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The Dead Mule @deadmule writer, thinker, advocate for an ethical society, publisher online for 25 years.

Breaking up is hard to do

Dinah’s Landing. Photo by author.

Used to be, if we didn’t want to talk to someone it was simple. Let’s see, how far back shall we go? To answering machines? 1980s. Then you just looked at the number glowing on the machine and thought “I’m not going to answer that, it’s Mabel.” If there was a message? You deleted it. Easy to ghost. One machine, one avenue. And then there was snail mail — easy enough to throw away a letter, you know, the paper kind. One even found satisfaction in ripping an envelope in half, like we do now with those credit card solicitations.

The past, the present, the future

it’s a gray day. photo by author.

What today is all about.

It’s about reading Apple News and finding out the Stimulus Package, whatever they want to call it, won’t be enough to stop the evictions.

It’s about knowing we’re safe after spending three years in PTSD-induced poverty. Finally getting compensation from the VA, the Air Force. Finally having more than my social security disability check $775 to live on and being able to breathe and feeling guilty about it because so many people can’t find the money to pay their rent, to buy food and now we can. We almost lost our house, we did lose…

We have to listen if we’re going to make them hear

Unable to imagine a suitable image for this essay, I opt for chickens. photo by author

This is a honest to God conversation I had yesterday with friend, a young man who sat over ten feet away from me, on my front porch, telling me why Covid is not real. He agreed to social distancing and sitting outside because I told him it was the only way I’d talk to him. I’ve known him for at least five years.

“We should watch the news. The military is on the move, they’re preparing, someone may have noticed. Someone in the media.” He looks at me, “I mean it. Turn on CNN. You’ll see what I’m saying is…

Jane’s boots. Photo by author.

My daughter Jane went surf fishing last weekend. Came home from the beach, rinsed off the salt water from her wading boots and left them on the front steps of her house to dry — about ten feet from the sidewalk. Two hours later, they were gone.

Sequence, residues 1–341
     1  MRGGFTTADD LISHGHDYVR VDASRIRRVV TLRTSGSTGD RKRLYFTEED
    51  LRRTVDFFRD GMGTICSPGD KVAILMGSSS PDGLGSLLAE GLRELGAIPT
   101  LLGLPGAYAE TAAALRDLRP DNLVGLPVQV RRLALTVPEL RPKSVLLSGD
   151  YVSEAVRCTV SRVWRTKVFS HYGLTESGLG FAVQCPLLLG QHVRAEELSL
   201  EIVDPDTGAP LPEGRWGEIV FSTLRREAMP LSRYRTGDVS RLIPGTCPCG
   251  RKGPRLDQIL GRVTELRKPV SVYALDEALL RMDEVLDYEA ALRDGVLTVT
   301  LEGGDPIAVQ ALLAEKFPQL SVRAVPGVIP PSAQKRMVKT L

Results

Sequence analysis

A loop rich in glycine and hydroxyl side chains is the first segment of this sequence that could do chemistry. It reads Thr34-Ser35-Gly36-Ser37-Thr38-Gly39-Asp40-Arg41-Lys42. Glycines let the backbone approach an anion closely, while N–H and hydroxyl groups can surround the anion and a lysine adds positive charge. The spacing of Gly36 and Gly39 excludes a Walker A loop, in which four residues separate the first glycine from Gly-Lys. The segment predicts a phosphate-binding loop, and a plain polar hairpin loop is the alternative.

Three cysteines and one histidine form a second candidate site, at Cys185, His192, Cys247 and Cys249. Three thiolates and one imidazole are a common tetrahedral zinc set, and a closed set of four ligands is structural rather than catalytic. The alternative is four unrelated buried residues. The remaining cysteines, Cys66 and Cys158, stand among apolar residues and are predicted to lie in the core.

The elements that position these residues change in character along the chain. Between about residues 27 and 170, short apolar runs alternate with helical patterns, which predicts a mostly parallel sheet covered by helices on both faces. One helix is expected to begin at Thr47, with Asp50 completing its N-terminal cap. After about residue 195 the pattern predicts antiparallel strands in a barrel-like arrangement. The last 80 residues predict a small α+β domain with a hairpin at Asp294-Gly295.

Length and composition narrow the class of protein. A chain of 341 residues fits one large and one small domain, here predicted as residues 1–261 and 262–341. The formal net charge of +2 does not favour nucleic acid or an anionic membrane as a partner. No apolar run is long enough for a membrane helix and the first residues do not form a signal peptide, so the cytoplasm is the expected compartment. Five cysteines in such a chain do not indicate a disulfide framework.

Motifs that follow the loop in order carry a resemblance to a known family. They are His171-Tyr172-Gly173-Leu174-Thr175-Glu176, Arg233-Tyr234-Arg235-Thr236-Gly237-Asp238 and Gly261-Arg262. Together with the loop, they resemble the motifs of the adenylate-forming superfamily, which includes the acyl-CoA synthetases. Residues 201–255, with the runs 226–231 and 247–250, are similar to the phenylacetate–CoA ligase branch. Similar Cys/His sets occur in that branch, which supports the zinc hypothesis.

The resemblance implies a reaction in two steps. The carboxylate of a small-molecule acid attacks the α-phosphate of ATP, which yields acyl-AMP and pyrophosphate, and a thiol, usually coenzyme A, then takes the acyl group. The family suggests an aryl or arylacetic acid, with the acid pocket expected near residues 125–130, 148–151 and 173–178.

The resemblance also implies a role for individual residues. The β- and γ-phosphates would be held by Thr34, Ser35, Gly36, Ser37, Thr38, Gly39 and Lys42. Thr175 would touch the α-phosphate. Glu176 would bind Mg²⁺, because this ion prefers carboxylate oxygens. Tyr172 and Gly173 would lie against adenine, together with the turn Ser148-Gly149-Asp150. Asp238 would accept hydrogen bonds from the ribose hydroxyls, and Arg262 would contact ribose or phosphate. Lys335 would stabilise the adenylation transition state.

These were distinctive boots with orange lining, not the kind you see every day. Fishing boots that fit in her waders, not warm winter snow ones. Substantial, of course, they fit her waders and were special to her but not something one would wear anywhere but in the water. …

An Uncle Virgil story

Deer Camp groundscape. Photo by author.

The deer camp is about five miles from Thornton. It’s a hunting “lodge” in the middle of a passel of acres of pine plantation mixed with old growth forest. There are no other houses near it. This is Arkansas. The South. USA.

The wood frame farm house, built around 1910, has four rooms downstairs, (kitchen, two bedrooms, and living room) with a narrow staircase leading to one big attic room. The attic is lined with beds. Singles and doubles squatting under the eaves where at least eight people can sleep up there at at time.

It’s a man’s place, for…

creative non-fiction

My grandsons make me laugh. photo by author

An odd time to stop taking anti-depressants, that’s what my therapist said. But he went along with it, helped me to titrate my dosage down to naught and let me talk about myself through the change in my mental state. I’d become numb over the years. Time to bear witness again, to grasp emotions, tackle them head on and deal with them.

I began taking SSRIs when my mother became ill years ago. Congestive heart failure. My best friend she was, and dealing with her inevitable death proved too much for me. She would die just days after her 93rd…

Flash Essay

WWII Assemblage: work in progress by author

On December 3, 1944, my Aunt Helen wrote a letter to my mother. Mom was in Cincinnati, Ohio and Helen was following General Patton’s Army though Europe. She was a Red Cross volunteer. Young and idealistic, Helen joined the Red Cross seeking adventure. She wanted to contribute to the war effort. Before joining the Red Cross, she was a third grade teacher.

Mom’s on my mind a lot this fall. No particular reason, no death anniversary, no birthday to bring her memory front and center. She’s just here with me.

I’m cleaning out Mom’s desk and found the war correspondence…

Trying to get ready to go for a drive. Forget washing the car. photo by author

Mom said “colors in nature match, always” and it’s true. The greens and golds, the reds and oranges of autumn never clash. It’s true in pottery too. Clay sucks up a glaze the same way nature offers her palate. All colors combine into a concrete whole. Each season appears with a new combination of the sublime and the frantic. Summer’s flowery spires make way for fall’s magnificent parade leading us all to winter’s gray pale haze.

It’s almost October as we drive the Blue Ridge Parkway seeking solace from the reality of the pandemic. We are but two, in a…

Valerie MacEwan

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